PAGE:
W3C home > Mailing lists > Public > public-webapps@w3.org > January to March 2010

Re: [widgets] Null in P&C

From: Marcos Caceres <marcosc@opera.com>
Date: Tue, 2 Feb 2010 17:00:46 +0100
Message-ID: <b21a10671002020800v15b4779q4dfbc8ffc8f89046@mail.gmail.com>
To: Simon Pieters <simonp@opera.com>
Cc: public-webapps <public-webapps@w3.org>
On Tue, Feb 2, 2010 at 2:20 PM, Simon Pieters <simonp@opera.com> wrote:
> On Tue, 02 Feb 2010 13:29:42 +0100, Marcos Caceres <marcosc@opera.com>
> wrote:
>> Hi,
>> I had a discussion with an implementer who was a bit confused about the
>> concept of "null" in the specification. The problem is that I kinda wrote
>> the spec as if it was to be implemented in Java or JavaScript. This has
>> resulted in confusion wrt how "null" is to be interpreted in languages that
>> don't have that concept/data type.
>> So, in an effort to clarify that, I've added the following to Processing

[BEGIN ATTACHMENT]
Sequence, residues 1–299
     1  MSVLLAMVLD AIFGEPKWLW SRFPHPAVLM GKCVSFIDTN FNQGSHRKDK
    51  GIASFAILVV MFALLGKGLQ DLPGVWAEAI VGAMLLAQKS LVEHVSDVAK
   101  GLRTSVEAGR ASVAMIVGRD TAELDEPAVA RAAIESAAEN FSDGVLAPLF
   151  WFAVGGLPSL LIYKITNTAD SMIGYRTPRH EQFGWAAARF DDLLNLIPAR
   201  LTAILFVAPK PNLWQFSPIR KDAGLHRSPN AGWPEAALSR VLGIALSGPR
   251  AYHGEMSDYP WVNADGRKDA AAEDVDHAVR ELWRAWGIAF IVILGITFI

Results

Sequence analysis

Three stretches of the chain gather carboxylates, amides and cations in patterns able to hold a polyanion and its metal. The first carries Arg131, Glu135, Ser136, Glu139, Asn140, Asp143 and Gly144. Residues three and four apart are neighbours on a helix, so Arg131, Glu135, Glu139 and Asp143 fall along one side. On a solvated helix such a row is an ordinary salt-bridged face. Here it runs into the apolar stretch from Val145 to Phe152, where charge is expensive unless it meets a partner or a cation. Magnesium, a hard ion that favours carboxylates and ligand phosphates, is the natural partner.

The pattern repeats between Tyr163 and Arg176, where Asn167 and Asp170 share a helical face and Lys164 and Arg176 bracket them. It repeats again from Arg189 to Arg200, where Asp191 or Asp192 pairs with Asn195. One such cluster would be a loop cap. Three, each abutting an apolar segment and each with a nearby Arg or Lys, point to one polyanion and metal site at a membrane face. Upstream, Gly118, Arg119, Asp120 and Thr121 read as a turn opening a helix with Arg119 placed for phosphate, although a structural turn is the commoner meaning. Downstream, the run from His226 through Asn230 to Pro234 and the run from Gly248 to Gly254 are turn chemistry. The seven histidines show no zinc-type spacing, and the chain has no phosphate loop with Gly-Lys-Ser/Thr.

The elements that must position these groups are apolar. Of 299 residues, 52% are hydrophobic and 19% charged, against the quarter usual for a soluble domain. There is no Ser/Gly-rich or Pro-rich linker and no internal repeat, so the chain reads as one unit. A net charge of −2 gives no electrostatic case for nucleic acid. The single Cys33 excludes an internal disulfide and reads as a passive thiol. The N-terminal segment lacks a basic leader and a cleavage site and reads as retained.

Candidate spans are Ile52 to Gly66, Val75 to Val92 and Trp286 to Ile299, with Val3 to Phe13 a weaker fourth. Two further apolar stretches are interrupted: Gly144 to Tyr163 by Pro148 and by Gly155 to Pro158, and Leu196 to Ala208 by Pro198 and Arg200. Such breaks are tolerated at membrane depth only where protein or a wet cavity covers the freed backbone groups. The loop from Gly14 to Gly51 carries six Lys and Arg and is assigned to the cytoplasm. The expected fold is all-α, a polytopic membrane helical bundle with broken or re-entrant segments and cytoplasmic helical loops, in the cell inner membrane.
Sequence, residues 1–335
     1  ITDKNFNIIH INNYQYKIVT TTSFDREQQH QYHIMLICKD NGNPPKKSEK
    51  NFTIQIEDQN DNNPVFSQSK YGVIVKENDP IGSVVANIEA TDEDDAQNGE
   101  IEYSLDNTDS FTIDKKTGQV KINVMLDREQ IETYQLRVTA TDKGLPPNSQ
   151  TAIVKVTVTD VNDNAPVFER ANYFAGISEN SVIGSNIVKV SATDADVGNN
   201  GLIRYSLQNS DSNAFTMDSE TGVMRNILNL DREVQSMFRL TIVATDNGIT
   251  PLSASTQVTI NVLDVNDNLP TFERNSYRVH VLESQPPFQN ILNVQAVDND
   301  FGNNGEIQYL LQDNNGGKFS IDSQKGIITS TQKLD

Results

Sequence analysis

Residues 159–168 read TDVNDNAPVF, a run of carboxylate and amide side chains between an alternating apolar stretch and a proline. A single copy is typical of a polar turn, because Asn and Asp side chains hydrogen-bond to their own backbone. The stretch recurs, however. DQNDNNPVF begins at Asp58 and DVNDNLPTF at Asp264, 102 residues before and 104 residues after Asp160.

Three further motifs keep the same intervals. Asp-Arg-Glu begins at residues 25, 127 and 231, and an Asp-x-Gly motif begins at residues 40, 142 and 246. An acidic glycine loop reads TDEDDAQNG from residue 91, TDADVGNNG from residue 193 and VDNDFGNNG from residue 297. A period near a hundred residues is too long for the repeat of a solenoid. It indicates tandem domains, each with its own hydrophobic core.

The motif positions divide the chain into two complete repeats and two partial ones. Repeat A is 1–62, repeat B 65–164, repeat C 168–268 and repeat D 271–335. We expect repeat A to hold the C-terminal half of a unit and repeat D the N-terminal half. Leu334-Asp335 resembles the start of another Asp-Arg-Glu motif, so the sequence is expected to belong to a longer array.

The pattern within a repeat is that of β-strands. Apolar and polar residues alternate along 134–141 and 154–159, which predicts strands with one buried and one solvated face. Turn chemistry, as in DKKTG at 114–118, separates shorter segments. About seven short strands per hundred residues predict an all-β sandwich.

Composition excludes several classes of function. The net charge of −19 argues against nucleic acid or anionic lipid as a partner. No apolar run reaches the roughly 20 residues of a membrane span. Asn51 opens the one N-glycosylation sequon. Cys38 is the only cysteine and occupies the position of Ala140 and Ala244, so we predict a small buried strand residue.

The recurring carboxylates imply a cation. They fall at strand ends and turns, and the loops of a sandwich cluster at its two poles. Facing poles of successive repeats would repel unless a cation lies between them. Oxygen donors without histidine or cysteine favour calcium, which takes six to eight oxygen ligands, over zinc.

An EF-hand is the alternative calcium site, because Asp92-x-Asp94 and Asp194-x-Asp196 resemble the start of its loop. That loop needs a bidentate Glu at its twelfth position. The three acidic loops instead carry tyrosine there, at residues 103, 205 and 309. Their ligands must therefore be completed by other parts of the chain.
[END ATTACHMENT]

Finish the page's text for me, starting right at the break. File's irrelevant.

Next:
>> Rules section of P&C:
>> [[
>> In the following algorithms, the concept of null is used as a special
>> symbol to indicate that a variable has no data associated with it. For
>> example, "let x be null" or "if y is empty, then return null".
>> Note: Although ECMAScript and Java support null as a native value type,
>> there are some programming languages that have no notion of null or where
>> null is problematic (e.g. C++). For those languages, it is OK for an
>> implementation to substitute the null for some other value or symbol (or for
>> nothing at all). For example, it is ok to have the value 0 represent null
>> for the height of a widget as the height of a widget is defined as a
>> non-negative integer greater than 0. In such a case, 0 would behave as if it
>> is null.
>> ]]
>> I don't have much experience programming in anything but Java and
>> ECMAScript (why would anyone program in something else?!;)), so please let
>> me know if it makes sense or if it could be better defined.
> HTML5 solves this with:
> "Conformance requirements phrased as algorithms or specific steps may be
> implemented in any manner, so long as the end result is equivalent."
> http://www.whatwg.org/specs/web-apps/current-work/multipage/infrastructure.html#conformance-requirements

yeah, that's pretty good... but the problem is still in the definition
of null, I feel. Anyway, hopefully with the clarification I've added,
everything will be clear enough. I've also added the text you
suggested above as a final fallback.

Marcos Caceres
Received on Tuesday, 2 February 2010 16:01:37 UTC

This archive was generated by hypermail 2.3.1 : Friday, 27 October 2017 07:26:22 UTC